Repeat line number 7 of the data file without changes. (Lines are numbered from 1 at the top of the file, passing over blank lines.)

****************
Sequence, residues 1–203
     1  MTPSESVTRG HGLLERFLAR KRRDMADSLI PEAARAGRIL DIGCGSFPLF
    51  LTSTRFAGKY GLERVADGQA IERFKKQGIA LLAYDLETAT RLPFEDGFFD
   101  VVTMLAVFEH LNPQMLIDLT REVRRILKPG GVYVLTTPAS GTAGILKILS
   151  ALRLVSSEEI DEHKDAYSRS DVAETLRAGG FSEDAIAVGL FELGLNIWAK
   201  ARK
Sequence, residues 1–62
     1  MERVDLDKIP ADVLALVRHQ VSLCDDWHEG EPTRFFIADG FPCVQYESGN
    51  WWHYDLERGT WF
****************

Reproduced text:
Sequence, residues 1–62